Do you remember where we were a year ago this week? I do.
This was the week everyone realized it wouldn’t be a matter of if, but when a pandemic would be declared.
We were hearing more and more about COVID-19, and everyone was worried about what this meant. We were debating whether or not to send you to school. It didn’t matter, though, because by Thursday afternoon, all schools had closed indefinitely.
Your birthday party was supposed to be that Saturday, as we had decided March would be far less hectic than the week between Christmas and New Year’s Day. (We thought we were sooooo clever!) So, as everything shut down, we spread the word that the party would be held once this whole thing was over. (I wanted to keep our order for two-dozen cupcakes, but realized it may not be the best decision health-wise.) We figured it would be a few months, at most.
We had no idea what to expect when this started. As I wrote in a blog post during that time, “It feels like we are all preparing for some big storm, but without a definite ‘start’ and ‘stop’ time. We all bought the bread and milk. Schools are closed. So when is the snow day getting here? Is it coming in a day, week, month, year?”
We tried to keep our family as busy as possible during those first few weeks. We watched a LOT of animal-related educational videos on YouTube, taking advantage of the fact that your dad is a science teacher! You and I made loads of art projects, like the hands pictured above. I took on additional freelance writing assignments, as I found writing about “the helpers” was the best way to ease my anxiety during this uncertain time. And we spent as much time as we possibly could in our backyard, hoping the fresh air would boost our spirits.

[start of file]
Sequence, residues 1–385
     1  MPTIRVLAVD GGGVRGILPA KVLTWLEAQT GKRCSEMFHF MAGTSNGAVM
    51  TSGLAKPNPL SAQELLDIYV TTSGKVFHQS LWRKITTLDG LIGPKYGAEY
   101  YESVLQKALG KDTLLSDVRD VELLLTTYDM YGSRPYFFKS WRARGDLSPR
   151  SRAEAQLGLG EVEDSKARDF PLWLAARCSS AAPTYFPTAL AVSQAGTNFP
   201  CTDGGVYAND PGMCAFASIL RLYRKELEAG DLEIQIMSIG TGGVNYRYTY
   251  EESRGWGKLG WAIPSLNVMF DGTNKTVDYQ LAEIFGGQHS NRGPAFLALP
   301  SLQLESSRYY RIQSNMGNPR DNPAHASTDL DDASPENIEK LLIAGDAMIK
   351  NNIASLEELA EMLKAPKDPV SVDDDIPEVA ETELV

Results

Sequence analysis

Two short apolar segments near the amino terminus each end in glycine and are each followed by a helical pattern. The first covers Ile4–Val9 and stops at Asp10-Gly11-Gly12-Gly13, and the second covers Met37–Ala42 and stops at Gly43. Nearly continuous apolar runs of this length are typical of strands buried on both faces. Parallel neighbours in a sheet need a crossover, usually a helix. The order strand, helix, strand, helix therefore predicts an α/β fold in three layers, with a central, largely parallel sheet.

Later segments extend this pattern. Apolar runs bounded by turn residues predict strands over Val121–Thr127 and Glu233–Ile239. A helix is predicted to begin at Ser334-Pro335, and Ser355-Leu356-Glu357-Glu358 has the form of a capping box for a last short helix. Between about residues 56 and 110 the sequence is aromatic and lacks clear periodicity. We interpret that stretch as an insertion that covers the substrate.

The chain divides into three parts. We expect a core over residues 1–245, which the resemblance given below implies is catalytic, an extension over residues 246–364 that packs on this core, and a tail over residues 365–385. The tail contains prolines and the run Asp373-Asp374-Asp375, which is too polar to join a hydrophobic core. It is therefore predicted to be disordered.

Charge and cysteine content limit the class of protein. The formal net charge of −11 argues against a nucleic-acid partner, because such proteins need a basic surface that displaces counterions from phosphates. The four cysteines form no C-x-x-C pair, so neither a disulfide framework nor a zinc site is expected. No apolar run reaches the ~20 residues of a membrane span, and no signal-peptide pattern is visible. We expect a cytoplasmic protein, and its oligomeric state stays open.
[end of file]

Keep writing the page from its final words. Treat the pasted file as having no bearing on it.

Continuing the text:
I don’t know what you will remember about these strange past 12 months. Will you recall all of the Zoom classes and family get-togethers? Will you tell people how unbelievably cluttered our house was once it also became a 24/7 preschool/therapy room/high school science classroom/office/restaurant/movie theater/concert venue/doctor’s office/summer camp? Will you look back longingly on the small, quiet at-home celebrations we had for Easter, Thanksgiving and Christmas? Will you one day tell people about how your crazy parents went through all sorts of “phases” during this time at home, including (but not limited to) sourdough, model building, succulents, painting, and Tiger King phases?
Friday, one of your school therapists said to me excitedly, “Megan, I hope you see that there is a light at the end of this tunnel,” as she and I discussed plans for you to return to some in-person classes. I am still afraid to “jinx” anything, but I am once again starting to have hope.
One of my favorite writers, Emily P. Freeman, said the following in a recent episode of her podcast The Next Right Thing:
When I look back to this time one year ago, one thing that stands out was how impossible it became to make any plans at all. We were at the beginning of the great pause, but we didn’t fully know it yet . . . . So much felt impossible for so long, and some things still do, if I’m honest, but one question is rising up in me . . . . Is it time to dream again?
JB, I have no idea what this next year will bring. I know there are positive signs, such as the vaccines, new national leadership, and the reopening of schools. Is it time to dream again, though? You bet it is! We may have to wait another year before we take that trip to Sesame Place, but nothing could postpone your strength, resolve and sense of humor. Kid, you’ll move mountains!
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